October 10, 2009

On my mind

The Jewish people ate at their Passover celebration wearing a loose outer robe girded up about the waist with a belt, as prepared for a journey. The belt gathered the garment close to the body, reducing any impediment to their movements. In the New Testament, this image is used to describe how Christians must also be girded and ready for action.

This readiness is for the return of Christ as implied when He said, “Let your waist be girded and your lamps burning; and you yourselves be like men who wait for their master, when he will return from the wedding, that when he comes and knocks they may open to him immediately” (Luke 12:35-36).

However, Paul uses this image in Ephesians when he describes spiritual warfare and the ‘garments’ Christians must wear to be ready for battle and victorious over spiritual enemies.

Stand therefore, having girded your waist with truth, having put on the breastplate of righteousness, and having shod your feet with the preparation of the gospel of peace; above all, taking the shield of faith with which you will be able to quench all the fiery darts of the wicked one. (Ephesians 6:14-16)
Another passage expressly points out that believers must have their minds (mental powers) collected and always ready for holiness. It says, 
Therefore gird up the loins of your mind, be sober, and rest your hope fully upon the grace that is to be brought to you at the revelation of Jesus Christ; as obedient children, not conforming yourselves to the former lusts, as in your ignorance; but as He who called you is holy, you also be holy in all your conduct, because it is written, “Be holy, for I am holy.” (1 Peter 1:13-16)
I’ve read this passage many times and still wonder if this is talking about readiness for the return of Christ? Or is this about those many times that Christ reveals Himself to me throughout life here. Or does it mean both?

In the context, holy living is definitely the goal. To live a holy life, God asks me to guard my mind. I cannot be obedient to Him if my head is full of stuff other than the grace of God and my own need to pay attention to what He says. I know this is important. Jonathan Edwards says that “God is most glorified when His people are most delighted in Him.” I know that when I am totally delighted in God, not only is my mind work at its optimum, it is impossible to sin.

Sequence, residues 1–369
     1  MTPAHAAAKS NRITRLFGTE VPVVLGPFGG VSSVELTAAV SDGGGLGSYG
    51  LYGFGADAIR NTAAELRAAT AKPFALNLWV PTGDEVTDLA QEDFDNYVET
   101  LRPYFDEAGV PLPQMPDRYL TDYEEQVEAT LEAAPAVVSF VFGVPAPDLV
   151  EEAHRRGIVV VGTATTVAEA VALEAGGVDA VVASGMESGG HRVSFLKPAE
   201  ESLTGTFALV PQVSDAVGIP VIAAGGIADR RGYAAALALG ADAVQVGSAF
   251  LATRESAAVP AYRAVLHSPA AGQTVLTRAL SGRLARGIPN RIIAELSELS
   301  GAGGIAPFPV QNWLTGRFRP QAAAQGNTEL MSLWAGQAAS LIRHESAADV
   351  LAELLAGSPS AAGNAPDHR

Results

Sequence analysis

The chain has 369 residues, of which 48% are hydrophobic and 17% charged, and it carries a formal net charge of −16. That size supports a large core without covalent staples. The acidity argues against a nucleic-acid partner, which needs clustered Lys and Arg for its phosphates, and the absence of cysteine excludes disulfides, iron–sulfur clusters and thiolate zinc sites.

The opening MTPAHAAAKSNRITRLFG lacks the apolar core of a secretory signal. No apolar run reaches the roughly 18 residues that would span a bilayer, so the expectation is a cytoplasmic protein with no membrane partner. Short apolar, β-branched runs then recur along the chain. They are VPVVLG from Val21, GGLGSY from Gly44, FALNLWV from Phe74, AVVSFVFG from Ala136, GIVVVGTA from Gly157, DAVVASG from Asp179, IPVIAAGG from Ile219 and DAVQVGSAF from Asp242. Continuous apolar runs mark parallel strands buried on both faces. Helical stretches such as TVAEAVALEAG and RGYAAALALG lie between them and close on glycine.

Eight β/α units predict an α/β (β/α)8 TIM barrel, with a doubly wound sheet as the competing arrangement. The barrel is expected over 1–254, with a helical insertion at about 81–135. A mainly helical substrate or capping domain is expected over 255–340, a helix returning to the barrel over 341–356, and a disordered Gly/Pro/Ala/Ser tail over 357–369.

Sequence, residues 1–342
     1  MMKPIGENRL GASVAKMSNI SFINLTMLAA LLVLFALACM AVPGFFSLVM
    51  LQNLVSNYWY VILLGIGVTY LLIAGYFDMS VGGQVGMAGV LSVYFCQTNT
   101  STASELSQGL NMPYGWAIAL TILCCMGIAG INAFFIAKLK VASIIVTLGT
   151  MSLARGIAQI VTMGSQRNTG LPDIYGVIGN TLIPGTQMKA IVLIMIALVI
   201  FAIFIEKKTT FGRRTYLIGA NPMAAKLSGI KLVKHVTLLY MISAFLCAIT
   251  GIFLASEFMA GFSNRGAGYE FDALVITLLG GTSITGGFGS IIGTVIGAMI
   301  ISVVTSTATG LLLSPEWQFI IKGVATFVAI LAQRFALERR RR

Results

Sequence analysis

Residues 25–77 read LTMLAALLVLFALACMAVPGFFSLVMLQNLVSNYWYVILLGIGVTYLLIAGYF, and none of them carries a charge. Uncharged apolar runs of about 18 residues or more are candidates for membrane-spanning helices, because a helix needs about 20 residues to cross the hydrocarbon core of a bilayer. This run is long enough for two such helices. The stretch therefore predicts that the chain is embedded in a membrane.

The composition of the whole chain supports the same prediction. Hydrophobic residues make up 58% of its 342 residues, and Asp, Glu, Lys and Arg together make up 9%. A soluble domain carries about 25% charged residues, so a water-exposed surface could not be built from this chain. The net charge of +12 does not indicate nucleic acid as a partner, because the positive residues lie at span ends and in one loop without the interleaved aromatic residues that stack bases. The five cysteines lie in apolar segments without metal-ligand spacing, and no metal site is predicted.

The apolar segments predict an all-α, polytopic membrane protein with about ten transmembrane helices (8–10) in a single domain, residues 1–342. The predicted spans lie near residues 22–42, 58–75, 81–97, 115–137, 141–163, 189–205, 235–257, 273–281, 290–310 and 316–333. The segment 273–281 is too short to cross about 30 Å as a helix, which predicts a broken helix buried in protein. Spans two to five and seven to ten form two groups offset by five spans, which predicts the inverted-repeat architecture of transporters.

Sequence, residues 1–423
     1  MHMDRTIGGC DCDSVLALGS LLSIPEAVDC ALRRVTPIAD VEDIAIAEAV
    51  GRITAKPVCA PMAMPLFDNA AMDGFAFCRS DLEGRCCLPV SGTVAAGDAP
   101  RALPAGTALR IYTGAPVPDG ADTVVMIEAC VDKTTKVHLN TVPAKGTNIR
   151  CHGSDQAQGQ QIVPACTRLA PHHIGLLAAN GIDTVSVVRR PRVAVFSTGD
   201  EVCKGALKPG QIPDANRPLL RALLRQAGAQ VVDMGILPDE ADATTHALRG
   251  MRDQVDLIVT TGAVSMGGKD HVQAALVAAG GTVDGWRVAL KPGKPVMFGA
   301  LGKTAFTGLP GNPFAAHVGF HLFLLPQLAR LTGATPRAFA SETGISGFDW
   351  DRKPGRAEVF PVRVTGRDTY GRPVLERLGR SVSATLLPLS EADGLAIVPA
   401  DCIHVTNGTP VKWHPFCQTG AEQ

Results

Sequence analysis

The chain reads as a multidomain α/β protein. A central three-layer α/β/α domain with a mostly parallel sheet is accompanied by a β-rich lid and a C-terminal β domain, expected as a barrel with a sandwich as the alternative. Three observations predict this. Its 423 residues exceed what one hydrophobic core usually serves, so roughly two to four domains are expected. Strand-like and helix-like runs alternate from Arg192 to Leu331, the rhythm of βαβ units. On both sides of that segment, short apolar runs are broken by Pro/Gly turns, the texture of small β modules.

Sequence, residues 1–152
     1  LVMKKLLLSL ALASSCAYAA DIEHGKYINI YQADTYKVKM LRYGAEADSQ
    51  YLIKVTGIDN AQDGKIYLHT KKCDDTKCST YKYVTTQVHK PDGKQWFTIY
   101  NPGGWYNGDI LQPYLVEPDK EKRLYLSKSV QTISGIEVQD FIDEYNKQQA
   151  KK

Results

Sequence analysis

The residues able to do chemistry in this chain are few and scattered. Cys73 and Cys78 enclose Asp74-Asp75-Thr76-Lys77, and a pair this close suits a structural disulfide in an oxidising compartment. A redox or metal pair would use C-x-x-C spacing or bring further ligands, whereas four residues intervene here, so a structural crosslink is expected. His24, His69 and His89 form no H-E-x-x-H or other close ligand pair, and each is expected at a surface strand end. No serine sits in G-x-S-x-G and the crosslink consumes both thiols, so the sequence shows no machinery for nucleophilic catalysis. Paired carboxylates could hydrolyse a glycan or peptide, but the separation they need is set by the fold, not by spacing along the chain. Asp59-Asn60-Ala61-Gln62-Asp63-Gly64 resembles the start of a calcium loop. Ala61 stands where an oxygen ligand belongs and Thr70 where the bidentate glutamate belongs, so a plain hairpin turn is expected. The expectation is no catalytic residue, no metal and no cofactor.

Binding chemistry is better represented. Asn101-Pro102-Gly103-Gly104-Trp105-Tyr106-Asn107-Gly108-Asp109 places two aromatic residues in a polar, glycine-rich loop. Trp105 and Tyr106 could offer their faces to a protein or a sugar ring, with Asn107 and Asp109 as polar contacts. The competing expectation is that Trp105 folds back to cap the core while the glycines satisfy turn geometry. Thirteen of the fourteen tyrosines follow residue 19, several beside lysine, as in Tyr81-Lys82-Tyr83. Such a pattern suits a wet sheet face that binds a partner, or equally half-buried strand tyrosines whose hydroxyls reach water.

How can I guard my mind? The passage in Ephesians is one clue. It says that the belt that girds is the belt of truth. My mind needs to think truth, think things that are true and honest. If that sounds easy, nearly forty years of experience in this battle say that it is far from it.

The easier part is the robe that is held by the belt. It is not my robe, but that robe or covering of righteousness given to me by Jesus Christ and held in place by truth. The symbolism is a reality for all who believe in Him because He makes it real. The book of Revelation talks about those who believe clothed in robes made white because they have been dipped in His cleansing blood, vivid images that remind me that any goodness that I have is from Him.

Thoughts like these are what God gives so that I might delight in Him. When my mind is occupied with the realities of what Jesus has done, then my heart is filled with joy.

Some have called this a form of brainwashing. That’s funny, because the Bible says we have brains that need a good bath. Romans 1:21 says that even those who know God exists (by seeing Him in creation) will not glorify Him as God, nor are they thankful, but they “became futile in their thoughts, and their foolish hearts were darkened.”

In a discussion about ritual washing, Jesus said, “Out of the heart proceed evil thoughts, murders, adulteries, fornications, thefts, false witness, blasphemies. These are the things which defile a man, but to eat with unwashed hands does not defile a man.” (Matthew 15:19-20)

Romans 12:2 says it clearly, “Do not be conformed to this world, but be transformed by the renewing of your mind, that you may prove what is that good and acceptable and perfect will of God.”

The Bible says that our minds can be sewers, but they can also be transformed. It is possible to think godly thoughts. Paul says this:

Finally, brethren, whatever things are true, whatever things are noble, whatever things are just, whatever things are pure, whatever things are lovely, whatever things are of good report, if there is any virtue and if there is anything praiseworthy—meditate on these things. The things which you learned and received and heard and saw in me, these do, and the God of peace will be with you. (Philippians 4:8-9)
Right thinking is a well-spring. While Jesus said that out of the human heart proceeds evil thoughts, when that heart is renewed then godly thinking can flow.

I am to be occupied with truth, girding up my mind with noble and pure thinking. It really isn’t important whether this is for a revelation of Christ during the course of my days here, or the revelation of Christ at His second coming, or the revelation I see when I go from this life to the next. What is important is that I am ready to go and ready to do whatever He asks of me because He is already on my mind.

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